April 22 is celebrated annually as Earth Day to demonstrate support for environmental protection. This year it will be observed globally under the theme #SkillsSustain. WorldSkills International (WSI) is supporting the occasion by highlighting how youth are contributing to a more sustainable world. WorldSkills Barbados 2020 champion Tonquanja Giddings shares how she contributes to a sustainable earth while preparing for her career. For more please click here.
Looking at a dining table, most would see nothing more than the setting for dinner. But among the crisp linens and napkins, the sheen of the silverware and the purposeful placement of each element, Tonquanja Giddings sees a world of its own, one full of delicacy, detailing and intricacy that can make the diner’s experience memorable.
It’s a world in which she thrives, and one that the second-year student in Restaurant Service at the Barbados Community College’s Hospitality Institute (BCCHI), sees as home. While it’s not the typical career that some declare as their calling, Giddings has found her passion through cooking, experimenting with flavors and building a place where customers can feel welcomed.
Through her training, Giddings has become committed to giving the pinnacle of service to her customers, and she’s equally committed to creating and preserving a sustainable and healthy environment by using biodegradable and reusable products like cups and cutlery.
One of six students in her class that competed at the World Skills Barbados (WSB) Competition last year, the competition novice says she was shocked yet proud when she captured the Gold Medal in Restaurant Service, and, the Best of Competition Award. But it came as no surprise to those around her.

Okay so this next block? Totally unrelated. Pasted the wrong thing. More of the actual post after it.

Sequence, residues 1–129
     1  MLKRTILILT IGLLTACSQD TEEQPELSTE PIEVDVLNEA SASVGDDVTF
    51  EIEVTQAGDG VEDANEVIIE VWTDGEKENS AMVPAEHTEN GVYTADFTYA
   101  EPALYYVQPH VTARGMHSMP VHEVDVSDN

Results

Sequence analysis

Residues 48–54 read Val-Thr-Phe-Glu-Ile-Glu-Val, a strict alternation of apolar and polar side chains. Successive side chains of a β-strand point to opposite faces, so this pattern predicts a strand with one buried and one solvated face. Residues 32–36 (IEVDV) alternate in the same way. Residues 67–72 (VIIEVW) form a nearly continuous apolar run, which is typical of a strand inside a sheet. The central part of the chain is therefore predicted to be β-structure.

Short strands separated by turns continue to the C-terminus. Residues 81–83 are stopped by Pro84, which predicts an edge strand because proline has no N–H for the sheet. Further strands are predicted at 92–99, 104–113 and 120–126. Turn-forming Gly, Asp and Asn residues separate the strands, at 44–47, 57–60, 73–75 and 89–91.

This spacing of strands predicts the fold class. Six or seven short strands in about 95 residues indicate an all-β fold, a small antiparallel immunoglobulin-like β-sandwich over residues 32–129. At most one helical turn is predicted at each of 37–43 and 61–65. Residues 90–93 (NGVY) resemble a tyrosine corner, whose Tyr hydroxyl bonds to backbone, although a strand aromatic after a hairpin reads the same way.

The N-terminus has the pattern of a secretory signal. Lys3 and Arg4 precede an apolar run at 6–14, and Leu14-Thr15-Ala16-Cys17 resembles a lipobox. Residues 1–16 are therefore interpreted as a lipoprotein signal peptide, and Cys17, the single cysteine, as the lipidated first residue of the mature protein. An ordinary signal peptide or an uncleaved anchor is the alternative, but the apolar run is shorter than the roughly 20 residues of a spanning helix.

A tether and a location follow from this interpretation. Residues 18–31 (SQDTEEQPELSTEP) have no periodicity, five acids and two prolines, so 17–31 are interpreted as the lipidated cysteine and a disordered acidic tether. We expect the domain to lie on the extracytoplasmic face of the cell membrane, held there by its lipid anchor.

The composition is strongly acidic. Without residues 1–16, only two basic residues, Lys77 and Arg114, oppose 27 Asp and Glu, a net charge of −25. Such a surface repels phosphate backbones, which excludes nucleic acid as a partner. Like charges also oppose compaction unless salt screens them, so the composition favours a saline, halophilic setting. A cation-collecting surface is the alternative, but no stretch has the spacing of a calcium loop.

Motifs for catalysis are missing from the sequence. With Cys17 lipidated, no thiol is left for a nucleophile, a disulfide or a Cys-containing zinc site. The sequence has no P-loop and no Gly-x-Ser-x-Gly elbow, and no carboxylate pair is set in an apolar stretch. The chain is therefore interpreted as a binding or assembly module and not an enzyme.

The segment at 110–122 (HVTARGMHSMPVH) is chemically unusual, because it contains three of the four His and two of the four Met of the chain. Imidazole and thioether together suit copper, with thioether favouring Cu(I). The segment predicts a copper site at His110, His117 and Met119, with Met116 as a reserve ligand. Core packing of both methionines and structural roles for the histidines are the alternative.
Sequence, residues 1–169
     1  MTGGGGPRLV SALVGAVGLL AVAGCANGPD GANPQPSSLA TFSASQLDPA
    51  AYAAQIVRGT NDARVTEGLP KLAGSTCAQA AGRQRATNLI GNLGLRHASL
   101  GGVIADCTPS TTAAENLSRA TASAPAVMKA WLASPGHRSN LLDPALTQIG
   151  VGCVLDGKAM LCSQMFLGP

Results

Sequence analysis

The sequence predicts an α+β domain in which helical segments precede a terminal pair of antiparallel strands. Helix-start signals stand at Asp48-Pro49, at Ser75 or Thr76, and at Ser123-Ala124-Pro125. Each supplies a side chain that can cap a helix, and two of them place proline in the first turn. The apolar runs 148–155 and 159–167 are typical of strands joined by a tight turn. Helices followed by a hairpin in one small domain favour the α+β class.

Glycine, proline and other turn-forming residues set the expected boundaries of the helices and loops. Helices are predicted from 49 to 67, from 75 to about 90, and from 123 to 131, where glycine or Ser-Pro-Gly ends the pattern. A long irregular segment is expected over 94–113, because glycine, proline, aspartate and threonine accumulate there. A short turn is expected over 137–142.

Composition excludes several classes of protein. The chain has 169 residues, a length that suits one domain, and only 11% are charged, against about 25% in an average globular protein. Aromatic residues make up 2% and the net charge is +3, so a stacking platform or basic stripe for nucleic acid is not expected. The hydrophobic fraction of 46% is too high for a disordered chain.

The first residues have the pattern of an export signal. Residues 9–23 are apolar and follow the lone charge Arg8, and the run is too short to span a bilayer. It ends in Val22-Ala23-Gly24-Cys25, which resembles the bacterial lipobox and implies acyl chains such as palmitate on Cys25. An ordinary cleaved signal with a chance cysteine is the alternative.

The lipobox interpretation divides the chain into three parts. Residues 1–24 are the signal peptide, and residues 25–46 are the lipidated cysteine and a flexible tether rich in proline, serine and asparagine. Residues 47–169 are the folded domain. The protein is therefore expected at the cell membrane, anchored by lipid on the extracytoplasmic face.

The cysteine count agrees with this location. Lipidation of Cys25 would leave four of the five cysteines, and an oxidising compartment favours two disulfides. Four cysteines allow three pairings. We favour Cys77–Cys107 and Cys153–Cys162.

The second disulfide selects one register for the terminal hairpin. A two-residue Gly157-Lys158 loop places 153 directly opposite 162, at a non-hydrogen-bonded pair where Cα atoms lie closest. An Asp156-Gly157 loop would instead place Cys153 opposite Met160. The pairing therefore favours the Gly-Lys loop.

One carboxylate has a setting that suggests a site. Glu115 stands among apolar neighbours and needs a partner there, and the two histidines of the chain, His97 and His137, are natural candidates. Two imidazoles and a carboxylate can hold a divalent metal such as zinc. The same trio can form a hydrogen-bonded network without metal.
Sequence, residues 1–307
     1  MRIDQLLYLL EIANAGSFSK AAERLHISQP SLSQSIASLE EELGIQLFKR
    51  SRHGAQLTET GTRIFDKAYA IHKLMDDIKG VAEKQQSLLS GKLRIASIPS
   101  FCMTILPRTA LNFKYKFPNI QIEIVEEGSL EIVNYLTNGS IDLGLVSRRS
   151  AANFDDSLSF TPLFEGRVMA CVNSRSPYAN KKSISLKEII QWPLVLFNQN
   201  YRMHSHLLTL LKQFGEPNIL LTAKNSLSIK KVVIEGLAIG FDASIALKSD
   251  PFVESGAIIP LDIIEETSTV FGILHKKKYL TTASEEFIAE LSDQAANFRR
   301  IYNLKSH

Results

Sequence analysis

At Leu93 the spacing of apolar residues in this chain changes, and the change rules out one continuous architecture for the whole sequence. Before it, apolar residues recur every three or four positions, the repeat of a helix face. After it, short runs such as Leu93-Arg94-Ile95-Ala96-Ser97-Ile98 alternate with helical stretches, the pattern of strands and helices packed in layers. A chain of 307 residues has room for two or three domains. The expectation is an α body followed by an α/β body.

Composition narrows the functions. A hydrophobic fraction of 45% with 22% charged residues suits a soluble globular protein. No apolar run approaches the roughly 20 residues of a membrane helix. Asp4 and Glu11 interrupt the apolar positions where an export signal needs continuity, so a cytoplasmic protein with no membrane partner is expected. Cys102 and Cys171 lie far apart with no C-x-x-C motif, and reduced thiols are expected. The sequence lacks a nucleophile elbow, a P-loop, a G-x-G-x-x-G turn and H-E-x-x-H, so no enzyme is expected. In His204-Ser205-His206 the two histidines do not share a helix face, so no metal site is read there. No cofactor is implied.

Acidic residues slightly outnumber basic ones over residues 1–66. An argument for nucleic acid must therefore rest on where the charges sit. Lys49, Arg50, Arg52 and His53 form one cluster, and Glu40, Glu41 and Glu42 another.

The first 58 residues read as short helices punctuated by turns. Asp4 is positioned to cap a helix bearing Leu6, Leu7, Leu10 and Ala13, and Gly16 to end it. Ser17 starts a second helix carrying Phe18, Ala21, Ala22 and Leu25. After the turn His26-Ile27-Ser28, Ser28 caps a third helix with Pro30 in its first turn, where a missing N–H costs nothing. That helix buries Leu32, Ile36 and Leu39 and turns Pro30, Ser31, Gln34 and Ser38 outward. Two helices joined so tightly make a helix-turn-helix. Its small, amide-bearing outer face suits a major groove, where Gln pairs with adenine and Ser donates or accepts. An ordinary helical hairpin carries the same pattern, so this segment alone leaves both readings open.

“I was extremely pleased when Tonquanja was named the gold medalist as she worked tremendously hard at training sessions … she was very competitive and always strived to be ahead of her colleagues. She would even do extra work at home and would often demonstrate at training sessions,” said restaurant captain at the BCCHI, Cherise Osbourne.
When it came to training, Giddings never missed a beat or passed up an opportunity to cultivate her budding skills in “internal and offsite functions”, where Osbourne says she “… always showcased that she was conscientious … detailed oriented … [and] possessed the desired demeanor for the hospitality industry.”
But though the second-year student garnered so much success at the competition, months before she had reached one of her lowest points while preparing, as in-person class came to an abrupt end.
“When COVID-19 came to Barbados and the country was on lockdown, I had lost a great deal of enthusiasm about the competition. That’s because there was no way for me to train for months,” Giddings said.
When schools eventually resumed with a mix of in-person and online teaching, she learned what it meant to be adaptable and versatile, two skills that she and Osbourne agree are key for working in the fast-paced and vast industry.
She also encourages more students like her to compete at WSB, citing the real-life experience as a great support for a professional career and that it gave her back the enthusiasm to keep doing what she loves.
To those who choose to follow her path, she advises them “to always challenge yourself, be brave and always aim for achievement, because if you do not you will miss out on opportunities that would be beneficial to you.”
As Giddings continues to ride the wave of her success, she has opted to pursue a bachelor’s degree in Tourism Management at the University of the West Indies Cave hill Campus. Today, her path is charted and those in the industry can rest assured that she will be here to impress for years to come.